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Cargo of Lies

Cargo of Lies: The True Story of a Nazi Double Agent in Canada

Copyright Date: 1996
Pages: 244
  • Book Info
    Cargo of Lies
    Book Description:

    Beeby argues that Canadian authorities were woefully unprepared for the subtleties of wartime counter-espionage, and that their mishandling of the case had long-term consequences that affected relations with their intelligence partners throughout the Cold War.

    eISBN: 978-1-4426-5976-6
    Subjects: History, Sociology

Table of Contents

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  1. Front Matter
    (pp. i-vi)
  2. Table of Contents
    (pp. vii-viii)
  3. Acknowledgments
    (pp. ix-xii)
    Dean Beeby
  4. [Illustrations]
    (pp. xiii-2)
  5. Prologue
    (pp. 3-5)

    Just how many enemy spies washed up on Canadian shores during the Second World War is anybody’s guess. Like subatomic particles, their existence can often be inferred only from the faint flash-traces they leave across the historical record. Alfred Langbein, rowed ashore from a U-boat near St Martins, New Brunswick, in the spring of 1942, is one of only two documented arrivals. Apparently never intending to carry out his mission, Langbein travelled with little trouble to Montreal and Ottawa, where he lived for more than two years on money supplied to him by the Abwehr, the German military-intelligence service. Running...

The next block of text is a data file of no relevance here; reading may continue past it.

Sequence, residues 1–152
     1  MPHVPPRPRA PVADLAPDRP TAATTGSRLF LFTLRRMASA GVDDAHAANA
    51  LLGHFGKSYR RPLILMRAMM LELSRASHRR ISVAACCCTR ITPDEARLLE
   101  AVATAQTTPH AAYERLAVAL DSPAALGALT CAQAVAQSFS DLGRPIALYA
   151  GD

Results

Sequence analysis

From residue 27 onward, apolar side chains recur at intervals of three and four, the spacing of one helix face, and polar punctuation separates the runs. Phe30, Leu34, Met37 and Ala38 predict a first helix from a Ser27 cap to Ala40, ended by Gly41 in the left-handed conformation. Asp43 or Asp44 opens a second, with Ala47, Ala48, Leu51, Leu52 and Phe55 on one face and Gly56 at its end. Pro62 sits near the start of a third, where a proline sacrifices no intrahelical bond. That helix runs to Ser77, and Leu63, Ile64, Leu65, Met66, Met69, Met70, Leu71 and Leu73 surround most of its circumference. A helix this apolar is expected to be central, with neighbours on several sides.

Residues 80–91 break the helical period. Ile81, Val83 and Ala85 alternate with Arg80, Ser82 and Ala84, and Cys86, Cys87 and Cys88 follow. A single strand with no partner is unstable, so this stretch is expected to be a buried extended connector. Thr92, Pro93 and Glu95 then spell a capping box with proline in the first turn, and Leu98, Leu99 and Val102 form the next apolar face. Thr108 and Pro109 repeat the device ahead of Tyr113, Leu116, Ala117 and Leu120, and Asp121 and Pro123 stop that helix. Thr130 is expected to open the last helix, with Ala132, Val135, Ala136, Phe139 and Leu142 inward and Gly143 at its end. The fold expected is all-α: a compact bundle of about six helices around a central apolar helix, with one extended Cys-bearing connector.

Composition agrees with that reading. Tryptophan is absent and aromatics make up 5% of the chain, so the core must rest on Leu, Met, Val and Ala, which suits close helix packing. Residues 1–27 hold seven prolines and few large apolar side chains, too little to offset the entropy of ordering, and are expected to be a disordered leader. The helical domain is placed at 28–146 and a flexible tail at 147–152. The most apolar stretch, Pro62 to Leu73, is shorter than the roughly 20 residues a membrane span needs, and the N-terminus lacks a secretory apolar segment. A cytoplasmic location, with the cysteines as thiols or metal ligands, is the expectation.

6. ONE Broken Boats, Broken Bodies
    (pp. 6-18)

    Gordon Hardy, steward aboard the iron ore-carrierRose Castle,prepared to dive from his ship into the frigid, choppy waters off Bell Island, Newfoundland. Sweeping searchlights from the shore regularly rolled into the pitch black that November night in 1942 as Hardy raced onto the deck, dressed only in boxer shorts and a thin life-jacket. ‘Where are you going, Hardy?’ barked one of the engineers standing on deck. Tm going over the side,’ he announced, climbing with determination onto the railing. ‘Don’t jump in that cold water. It’s too cold. It’ll kill you,’ came the shouted reply.

    But Hardy knew...

  7. TWO The Stranger in Room 11
    (pp. 19-43)

    Sleepy New Carlisle, on the south coast of Quebec’s Gaspe Peninsula, is today little more than a gas stop on the shore highway that dips and curves wildly towards the tourist haunts around Perce Rock. A town brochure meekly promotes its CN Rail station, a war veterans’ monument, an Anglican church, a local museum, and a restored house as visitor attractions. But the few tourists who do stay briefly seem more interested in a two-storey, white frame house on a corner lot nearly obscured by trees. For New Carlisle is perhaps best remembered as the boyhood home of one of...

  8. THREE A Fluent and Fertile Liar
    (pp. 44-75)

    Clifford Harvison began his thirty-six-year career with the Royal Canadian Mounted Police in October 1919 with a bold-faced lie. A gangly six-footer, with narrow eyes and a long humourless face that was almost doglike, Harvison stepped off the train at Regina a determined seventeen-year-old. He got a haircut, had his suit pressed, bought a new shirt and tie, and checked into his first-ever hotel. The next morning, spruce and jittery, he hired a taxi to take him to the headquarters of the Royal North-West Mounted Police, located at the edge of the city. At the administration building, he asked permission...

  9. FOUR Bobbi Calls Home